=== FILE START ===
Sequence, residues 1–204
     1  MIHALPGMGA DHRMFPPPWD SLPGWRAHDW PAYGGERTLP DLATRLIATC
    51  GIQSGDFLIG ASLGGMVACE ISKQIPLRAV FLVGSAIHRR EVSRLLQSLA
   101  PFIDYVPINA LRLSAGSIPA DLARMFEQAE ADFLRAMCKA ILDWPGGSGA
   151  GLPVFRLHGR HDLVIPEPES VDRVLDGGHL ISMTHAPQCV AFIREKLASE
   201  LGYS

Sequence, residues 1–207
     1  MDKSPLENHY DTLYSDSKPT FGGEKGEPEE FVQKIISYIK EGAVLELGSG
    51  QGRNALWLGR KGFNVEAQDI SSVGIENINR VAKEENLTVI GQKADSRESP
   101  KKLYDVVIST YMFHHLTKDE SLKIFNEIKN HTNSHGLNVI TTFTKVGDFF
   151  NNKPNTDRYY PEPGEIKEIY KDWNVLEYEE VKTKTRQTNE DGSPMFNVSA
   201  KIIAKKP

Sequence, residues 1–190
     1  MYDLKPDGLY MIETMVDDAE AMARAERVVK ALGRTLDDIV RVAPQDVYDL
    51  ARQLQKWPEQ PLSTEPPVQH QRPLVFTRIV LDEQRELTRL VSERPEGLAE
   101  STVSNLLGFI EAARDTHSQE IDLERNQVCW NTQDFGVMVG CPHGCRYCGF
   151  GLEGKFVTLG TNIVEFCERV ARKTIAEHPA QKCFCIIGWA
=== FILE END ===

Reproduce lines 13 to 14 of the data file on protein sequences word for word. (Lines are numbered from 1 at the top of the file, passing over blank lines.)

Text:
Sequence, residues 1–190
     1  MYDLKPDGLY MIETMVDDAE AMARAERVVK ALGRTLDDIV RVAPQDVYDL